[/caption] 8365′ Mt. St. Helens is an amazing place to visit on a sunny winter day. However, these days can be far and in between. I was fortunate enough to be visiting during a day that offered very few clouds. Gazing up at the mountain, as seen from the south, makes it look like a giant ice cream cone with the numerous rock outcropping protruding out as though they are nuts you find in rocky road ice cream. As you ascend towards its summit you will be able to get spectacular views of Mt. Adams in the east and Mt. Hood looking south. I’ve never climbed to the summit but I would have enjoyed snow-shoeing parallel at the higher elevation even more since there are so many crags lingering along the volcano. This photo was taken at about 6000′ and if you look closely you can see all of the snow-shoe tracks lurking all over the mountain. Unfortunately, on this day I got a very late start and had already spent the good part of the late morning snow-shoeing in the lower elevations. My food and water rations were low and I was pretty well spent. To get this shot I was using my 18-55mm Canon lens and attached my warming and CIR-PL filter to help saturate the blue sky and reduce the harsh glare created by the snow. I had to set the white balance to +0.7 so the snow wouldn’t be underexposed as well as the blue sky. The focal length was at 46mm and I was able to keep the field of view high in order to eliminate any blur other than the tree in the lower part of the photo. I wasn’t using a tripod on this day since I figured that the bright sunny skies didn’t warrant the need but I wished that I had. However, I was moving so much and I was always on very uneven ground that I probably wouldn’t have used it very much. I had the camera mode in Normal/Program mode so the aperture was at F-8 and the shutter speed at 1/160 second. Because it was later in the afternoon when I took this shot, you can see some of the shadows lingering over some of the snow covered crevices in the higher elevations.
[/caption] This photo was taken near the Windy Ridge viewpoint on the north side of the volcano. There is a large parking lot and an easy trail that takes you to a great vantage point. You can see Spirit lake directly below you as well as Mt. Rainier in the distance. You can also see Mt. Adams to the east and Mt. Hood looming in the distance to the south. Mt. St. Helens is so close that you can almost reach out and touch it. This photo was taken at the viewpoint. I took this photo on 7/14/10 at around 6:10pm so the winds had picked up and the sun was pretty intense in the horizon. My CIR-PL and warming filter helped soften the glare from the sun and mountain as well as bring out the shadows along the volcano. I set the ISO to 100 and the white balance to -1.3 in order to limit any additional overexposure. I had the camera mode in Program/Normal mode so the aperture was set at F-5.6 and the shutter to 1/250 second. I was using my Sigma 50mm macro/prime lens as I was trying to focus on the top left of the foothills near the base of the mountain. You can see most of the glaciers and late summer snow accumulations looming in the distance as well as some of the moraines dotting the mountain. I highly recommend visiting the north east part of the Mt. St. Helens National Volcanic Area but be prepared for a long drive with no towns in the immediate area. There are views of 4 volcanoes, an abundant of summer wildflowers, herds of elk, rivers, creeks and waterfalls as well as a short trip to the base of Spirit Lake. You will experience a truly scenic and magical place that is almost impossible to capture in a photo.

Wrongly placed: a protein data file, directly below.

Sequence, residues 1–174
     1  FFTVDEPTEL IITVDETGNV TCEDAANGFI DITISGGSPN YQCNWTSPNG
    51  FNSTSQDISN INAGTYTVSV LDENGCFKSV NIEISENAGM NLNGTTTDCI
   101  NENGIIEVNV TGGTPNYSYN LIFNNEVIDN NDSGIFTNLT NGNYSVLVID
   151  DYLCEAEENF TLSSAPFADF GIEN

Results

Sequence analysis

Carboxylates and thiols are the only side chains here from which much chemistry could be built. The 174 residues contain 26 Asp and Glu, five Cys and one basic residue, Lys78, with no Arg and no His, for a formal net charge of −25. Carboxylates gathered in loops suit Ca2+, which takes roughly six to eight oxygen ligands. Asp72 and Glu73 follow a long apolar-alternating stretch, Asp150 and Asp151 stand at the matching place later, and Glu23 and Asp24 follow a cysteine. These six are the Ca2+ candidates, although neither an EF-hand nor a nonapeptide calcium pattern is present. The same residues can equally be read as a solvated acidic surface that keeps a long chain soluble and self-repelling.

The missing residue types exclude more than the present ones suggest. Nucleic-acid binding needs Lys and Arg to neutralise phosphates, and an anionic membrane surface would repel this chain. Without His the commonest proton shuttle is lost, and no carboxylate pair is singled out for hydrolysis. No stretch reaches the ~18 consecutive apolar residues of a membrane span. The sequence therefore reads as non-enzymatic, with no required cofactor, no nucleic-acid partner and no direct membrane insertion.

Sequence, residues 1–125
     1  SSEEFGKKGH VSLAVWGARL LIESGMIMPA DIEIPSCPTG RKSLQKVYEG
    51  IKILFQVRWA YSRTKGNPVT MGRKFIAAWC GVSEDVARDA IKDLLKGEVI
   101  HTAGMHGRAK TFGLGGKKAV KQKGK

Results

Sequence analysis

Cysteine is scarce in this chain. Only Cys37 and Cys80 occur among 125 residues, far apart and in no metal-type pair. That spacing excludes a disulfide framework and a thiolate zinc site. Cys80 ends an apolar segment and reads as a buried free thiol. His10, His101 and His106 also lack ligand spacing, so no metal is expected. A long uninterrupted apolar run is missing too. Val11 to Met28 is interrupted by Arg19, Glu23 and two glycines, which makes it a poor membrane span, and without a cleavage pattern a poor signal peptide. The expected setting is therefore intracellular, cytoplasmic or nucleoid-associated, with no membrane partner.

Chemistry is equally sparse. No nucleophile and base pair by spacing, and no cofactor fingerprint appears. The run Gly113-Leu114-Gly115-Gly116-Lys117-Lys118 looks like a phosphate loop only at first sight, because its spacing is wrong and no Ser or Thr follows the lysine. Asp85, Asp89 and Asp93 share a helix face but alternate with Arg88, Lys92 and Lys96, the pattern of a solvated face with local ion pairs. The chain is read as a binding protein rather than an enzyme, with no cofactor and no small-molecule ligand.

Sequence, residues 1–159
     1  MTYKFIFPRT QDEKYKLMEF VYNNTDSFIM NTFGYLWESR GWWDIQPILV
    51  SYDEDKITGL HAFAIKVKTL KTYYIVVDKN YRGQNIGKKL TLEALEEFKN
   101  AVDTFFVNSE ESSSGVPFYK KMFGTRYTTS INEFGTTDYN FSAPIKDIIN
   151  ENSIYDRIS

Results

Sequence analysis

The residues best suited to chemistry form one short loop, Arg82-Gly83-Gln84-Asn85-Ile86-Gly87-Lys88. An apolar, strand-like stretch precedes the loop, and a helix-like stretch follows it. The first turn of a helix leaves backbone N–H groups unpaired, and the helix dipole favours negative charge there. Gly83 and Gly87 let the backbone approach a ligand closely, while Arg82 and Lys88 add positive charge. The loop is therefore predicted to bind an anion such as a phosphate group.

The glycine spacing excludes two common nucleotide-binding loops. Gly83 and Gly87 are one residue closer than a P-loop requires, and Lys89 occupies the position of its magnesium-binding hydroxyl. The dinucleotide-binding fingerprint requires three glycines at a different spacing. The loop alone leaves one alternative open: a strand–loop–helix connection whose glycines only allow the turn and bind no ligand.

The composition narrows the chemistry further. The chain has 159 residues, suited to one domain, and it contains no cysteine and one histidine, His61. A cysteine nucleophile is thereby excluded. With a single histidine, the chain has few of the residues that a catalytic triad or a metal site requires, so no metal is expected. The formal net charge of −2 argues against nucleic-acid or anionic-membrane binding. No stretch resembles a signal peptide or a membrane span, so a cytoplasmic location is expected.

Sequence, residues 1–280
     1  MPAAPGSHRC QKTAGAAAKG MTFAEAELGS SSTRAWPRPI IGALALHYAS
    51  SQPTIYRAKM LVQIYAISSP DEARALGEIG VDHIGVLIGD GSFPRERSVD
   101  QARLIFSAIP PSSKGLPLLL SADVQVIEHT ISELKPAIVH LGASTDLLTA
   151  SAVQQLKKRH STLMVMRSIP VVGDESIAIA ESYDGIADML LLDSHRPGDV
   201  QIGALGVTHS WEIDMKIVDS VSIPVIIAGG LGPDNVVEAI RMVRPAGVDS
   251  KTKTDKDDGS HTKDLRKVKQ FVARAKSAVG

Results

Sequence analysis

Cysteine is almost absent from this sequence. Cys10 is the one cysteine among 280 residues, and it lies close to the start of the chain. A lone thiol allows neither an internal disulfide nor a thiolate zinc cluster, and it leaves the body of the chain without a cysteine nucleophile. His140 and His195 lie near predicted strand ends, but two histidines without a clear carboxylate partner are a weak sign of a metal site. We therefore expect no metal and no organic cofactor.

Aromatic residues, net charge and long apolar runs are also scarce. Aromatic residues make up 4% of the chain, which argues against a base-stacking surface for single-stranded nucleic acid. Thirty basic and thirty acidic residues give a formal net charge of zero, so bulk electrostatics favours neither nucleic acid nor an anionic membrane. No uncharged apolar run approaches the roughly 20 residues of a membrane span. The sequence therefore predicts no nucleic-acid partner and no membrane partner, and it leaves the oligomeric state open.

[/caption] One a sunny day you are able to see as far north as Mt. Rainier and as far south as The Three Sisters. There is a secret vantage point where you can get one of the most spectacular views of the Washington and Oregon Cascade mountains. You can read about this place on my article that I wrote on 6/14/10. Late Spring is my favorite times to hike along the foothills of the Cascades since the mountains still have an abundant of snow as well as in parts of the lower elevations. The creeks, alpine lakes and smaller rivers are also swelled to the brim with runoff. You can also still witness many of the spring wildflowers basking in the warm sun. The air is also more pure and less polluted. The views seem to be never ending during the months of May and June. I took this shot on 6/12/10 and I was using my Canon EOS T1i along with my Canon 18-55mm kit lens. I attached my warming filter as well as my CIR-PL. I also used my tripod, bubble level and remote switch in order to avoid any camera shake since it was a bit windy and my footing was a bit sketchy. The sun was a bit low since it was about 5:30pm and the sun was directly behind me. You can clearly see Mt. St. Helens, Mt. Rainier and Mt. Adams in the distance. The field of view is large as well as the depth of field which makes this shot especially appealing since there isn’t any blur in the foreground or background. I set the focal length to 35mm in order to include each of the mountains without reducing the focal length anymore than I needed to. I would have tilted the camera lower in order to include less of the sky but the forest trees were so low that it would have caused the depth of view to be too soft. The camera mode was in Program/Normal so the aperture was set at F-6.3 and the exposure speed at 1/80 second. I set the ISO to 100 and the white balance at -1 in order to keep the shot as sharp as possible.